School budget receives approval from School Committee despite concerns about lack of resources

By Lydia Goerner | Dec 20, 2017
Photo by: Lydia Goerner Wareham Public Schools Business Administrator Michael MacMillan presents information on the Wareham Public Schools budget for the 2019 fiscal year at Wednesday's School Committee meeting.

The School Committee passed the 2019 school budget of $29,413,679 on Wednesday, up 3.6 percent from last year, with some people concerned about how the funds will be allocated.

The budget includes salary increases of just under $1.4 million, which is based on current staffing with contractual increases, said Wareham Public Schools Business Administrator Michael MacMillan.

There was also a projected increase in out-of-district tuition and an increased transportation cost of $321,927, which MacMillan said will be used to upgrade security cameras on buses and to replace bus radios that do not comply with federal regulations.

The daily rate for substitute teachers went up, which added $96,182 to the budget.Wareham Public Schools struggles to find substitute teachers, MacMillan said, and the current daily rate of $67 may be a factor.

MacMillan  also pointed out the reductions to preliminary budget requests, budget items that were stripped out at the very beginning. These included some capital funding, custodial supplies, $108,333 for instructional supplies and technology and $239,000 for staffing.

MacMillan presented the capital need estimates, one-time purchases that are funded through the town and are not part of the school's budget. Among these were replacing instructional textbooks, technology, HVAC upgrade, purchasing vehicles, repairing and replacing furniture, replacement and installment of projectors and security camera upgrades and installation.

The vote to approve the net school spending, $27,664,687, was voted on by every committee member on Wednesday except School Committee member Mary Morgan, who abstained.

“I’m really disheartened by the amount,” Morgan said. “It’s just pitiful.”

The non-net school spending of $1,748,992 passed unanimously. The total budget, $29,413,679 for the 2019 fiscal year, passed with Morgan abstaining from voting.

Vice-Chair Geoffrey Swett said he sympathized with Morgan’s reasoning.

“I am confounded by the fact that the town is $500,000 or $600,000 short of meeting its own budget,” Swett said “Since we have been precluded by law from printing money...we actually have a million dollars potentially that we have to further cut from this budget, depending on the actions of Town Meeting.”

At a budget meeting with town officials on Dec. 6, Selectmen Chair Peter Teitelbaum said all town departments are dealing with a difficult budget season. Each department head was told to develop a level service budget compared to last year.

During the public portion comment of the meeting, kindergarten teacher Michele Lefrancois voiced concerns about the proposed budget. Lefrancois said there appears to be inequity in the budget for different levels of education. She said John W. Decas Elementary School has the “youngest, neediest learners” who need a solid foundation and should receive a fair amount of funding compared to Wareham High School, which has fewer students.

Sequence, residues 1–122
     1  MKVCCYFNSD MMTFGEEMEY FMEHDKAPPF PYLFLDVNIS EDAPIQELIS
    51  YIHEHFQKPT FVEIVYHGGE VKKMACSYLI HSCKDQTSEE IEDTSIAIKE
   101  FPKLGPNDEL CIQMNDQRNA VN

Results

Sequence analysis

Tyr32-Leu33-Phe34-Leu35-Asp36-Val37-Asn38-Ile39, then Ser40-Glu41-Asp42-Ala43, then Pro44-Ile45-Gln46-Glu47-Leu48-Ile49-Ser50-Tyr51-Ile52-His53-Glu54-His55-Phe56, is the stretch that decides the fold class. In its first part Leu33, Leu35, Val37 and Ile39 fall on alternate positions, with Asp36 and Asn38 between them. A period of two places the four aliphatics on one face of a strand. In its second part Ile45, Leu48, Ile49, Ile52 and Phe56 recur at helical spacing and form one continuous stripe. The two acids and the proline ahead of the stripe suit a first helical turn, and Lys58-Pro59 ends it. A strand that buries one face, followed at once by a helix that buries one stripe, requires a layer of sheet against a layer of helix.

Lefrancois also pointed out the paraprofessional salary inequities in the district, with more money for the high school’s paraprofessionals than in elementary schools.

“I’m very disheartened by the fact that the elementary schools no longer have a library,” she continued. She said she gives away hundreds of dollars of books every year to her students to impart a love of reading.

“Refrain from cutting anything from a middle school or elementary school budget and look solely where the enrollment is least and the budget requests are the highest,” Lefrancois requested of the committee.

Swett agreed that “on the surface, it looks like the high school is getting a disproportionate amount of the budget.” But the funds are important for the high school, he said.

“I’m uncomfortable with the amount of resources the high school gets, but I’m also uncomfortable with denying them the resources to do what they are do extremely well and what they need to do to compete," Swett said.

MacMillan said school officials will look carefully into how budget reductions are made, a “difficult and detailed process.” At the moment, no final decisions about where the budget will be cut have been made, but he said he expects to do that over the next several months.

Now that the budget has been approved by the School Committee, it will go before Selectmen for review. Finally, the budget must be approved by voters at the Spring Town Meeting.

Comments (2)
Posted by: Knocked for six | Dec 23, 2017 09:08

Cuts cuts cuts!!!!! While administration gets raises!!!



Posted by: rhbinma | Dec 24, 2017 08:58

I am sure if the police enforced driving around town they could bring in more funds. I see it all the time people turning or red lights into traffic without even stopping. I even see it done in front of the police and they do nothing.

 



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